20 Apr Risk Factors Associated with Plantar Fasciitis
Plantar fasciitis is the medical name for a condition where a thick band of tissue, called fascia, that covers the heel bone of the foot and connects to the toes becomes inflamed. This condition is one of the most common causes of heel pain in humans.
Inflammation of the fascia occurs when the normally shock-absorbent tissue experiences increased and persistent tension and stress applied to it. As a result, small tears develop in the plantar fascia which eventually leads to irritation and inflammation of the tissue.
Causes and Risk Factors
Most of the time, the cause of plantar fasciitis isn’t clear but there are certain risk factors that can predispose one to develop the condition. These may include:
- Performing certain types of exercises such as those where increased levels of stress are applied to the heel bone of the foot as well as the surrounding tissues. These can include ballet dancing, ballistic jumping activities, aerobic dancing, or long-distance running.
- Working at jobs that require one to stand for longer than usual periods of time such as nursing and teaching, or those where one has to stand on hard surfaces such as factory and construction work.
- Being between the ages of 40 and 60.
- Having issues such as flat or high foot arches or even having an otherwise abnormal way of walking can cause one to favor distributing weight on a particular limb.
- Being overweight or obese results in increased weight being distributed to the heels of the feet.
Plantar fasciitis classically presents with:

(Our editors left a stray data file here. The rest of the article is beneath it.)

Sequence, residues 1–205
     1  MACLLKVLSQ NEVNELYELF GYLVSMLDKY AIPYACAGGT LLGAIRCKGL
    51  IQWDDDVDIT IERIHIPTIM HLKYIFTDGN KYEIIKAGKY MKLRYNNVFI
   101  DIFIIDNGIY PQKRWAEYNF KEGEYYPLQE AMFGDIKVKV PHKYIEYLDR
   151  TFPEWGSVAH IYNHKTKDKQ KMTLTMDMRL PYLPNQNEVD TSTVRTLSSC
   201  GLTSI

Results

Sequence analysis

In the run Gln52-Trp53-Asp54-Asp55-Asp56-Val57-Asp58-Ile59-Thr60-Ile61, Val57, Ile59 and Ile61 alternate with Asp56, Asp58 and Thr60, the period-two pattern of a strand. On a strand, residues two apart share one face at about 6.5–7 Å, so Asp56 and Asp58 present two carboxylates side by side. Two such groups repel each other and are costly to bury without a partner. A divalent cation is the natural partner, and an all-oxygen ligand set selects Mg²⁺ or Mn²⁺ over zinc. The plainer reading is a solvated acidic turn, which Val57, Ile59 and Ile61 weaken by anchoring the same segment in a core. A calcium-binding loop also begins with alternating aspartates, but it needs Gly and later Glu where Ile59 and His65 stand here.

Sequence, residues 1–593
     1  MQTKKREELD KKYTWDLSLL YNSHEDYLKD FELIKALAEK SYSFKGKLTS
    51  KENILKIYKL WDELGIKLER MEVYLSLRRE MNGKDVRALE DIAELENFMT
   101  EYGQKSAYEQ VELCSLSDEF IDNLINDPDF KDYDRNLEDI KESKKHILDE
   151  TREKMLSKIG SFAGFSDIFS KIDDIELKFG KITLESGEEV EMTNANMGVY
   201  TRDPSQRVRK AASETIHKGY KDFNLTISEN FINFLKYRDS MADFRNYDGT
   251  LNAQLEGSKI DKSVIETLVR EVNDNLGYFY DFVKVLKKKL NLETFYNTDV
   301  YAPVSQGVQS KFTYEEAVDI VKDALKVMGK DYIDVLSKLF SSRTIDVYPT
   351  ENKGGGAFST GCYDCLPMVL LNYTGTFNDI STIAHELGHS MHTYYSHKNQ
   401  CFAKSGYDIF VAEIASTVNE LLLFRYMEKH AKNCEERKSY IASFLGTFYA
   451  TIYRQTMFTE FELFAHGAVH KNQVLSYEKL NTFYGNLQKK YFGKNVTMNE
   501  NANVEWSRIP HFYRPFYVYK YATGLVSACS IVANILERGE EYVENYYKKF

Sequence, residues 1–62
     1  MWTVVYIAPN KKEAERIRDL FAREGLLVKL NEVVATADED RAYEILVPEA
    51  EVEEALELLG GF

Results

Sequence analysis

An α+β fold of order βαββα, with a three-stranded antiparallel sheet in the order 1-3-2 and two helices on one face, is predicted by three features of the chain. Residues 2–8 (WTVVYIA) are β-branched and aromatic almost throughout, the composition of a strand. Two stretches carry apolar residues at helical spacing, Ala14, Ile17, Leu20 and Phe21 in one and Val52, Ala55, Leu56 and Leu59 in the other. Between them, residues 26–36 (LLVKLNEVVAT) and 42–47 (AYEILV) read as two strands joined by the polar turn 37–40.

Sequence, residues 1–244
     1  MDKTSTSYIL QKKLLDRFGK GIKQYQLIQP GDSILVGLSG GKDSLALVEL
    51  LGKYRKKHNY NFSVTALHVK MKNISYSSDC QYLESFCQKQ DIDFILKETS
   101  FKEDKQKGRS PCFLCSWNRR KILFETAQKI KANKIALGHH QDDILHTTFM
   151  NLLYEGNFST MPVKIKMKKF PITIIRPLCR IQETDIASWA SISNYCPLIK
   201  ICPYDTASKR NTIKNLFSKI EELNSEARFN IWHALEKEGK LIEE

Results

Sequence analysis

- A stabbing pain that occurs over the bottom of the foot around the area of the heel.
- A pain that is worse after waking up and taking one’s first steps in the morning. The pain can also be triggered by standing for prolonged periods of time or when standing up suddenly from a sitting or lying position.
- Pain that is worse after performing physical activity and not during physical exertion.
Plantar fasciitis is a condition that can resolve adequately with the use of conservative measures and therapies for up to a few months such as:
- Resting the affected foot so as not to further exert pressure on the inflamed tissue.
- Applying ice packs or cold compresses to the heel to help reduce inflammation.
- Using over-the-counter pain medications such as the anti-inflammatories ibuprofen or naproxen.
- Referral to a physical therapist will help to provide exercises to learn how to stretch the plantar fascia and to strengthen the muscles of the lower leg to stabilize the heel and ankle.
- Night splints can be used to help stretch the calf muscle and arch of the affected foot while one sleeps. This device aids in holding the plantar fascia in a position where it can stretch.
- An orthotist can prescribe devices such as custom-fitted arch supports which help to distribute pressure to the feet in a more even manner.
If these therapies and treatments are ineffective, then other measures can be recommended such as:
- Steroid and local anesthetic injections directly into the tender fascia.
- Extracorporeal shock wave therapy where ultrasound waves are used to stimulate the healing process.
- The Tenex procedure which is a minimally invasive method to remove scar tissue of the plantar fascia.
If these therapies are ineffective or the symptoms experienced by the patient are severe, then surgery to detach the plantar fascia from the bone may have to be considered.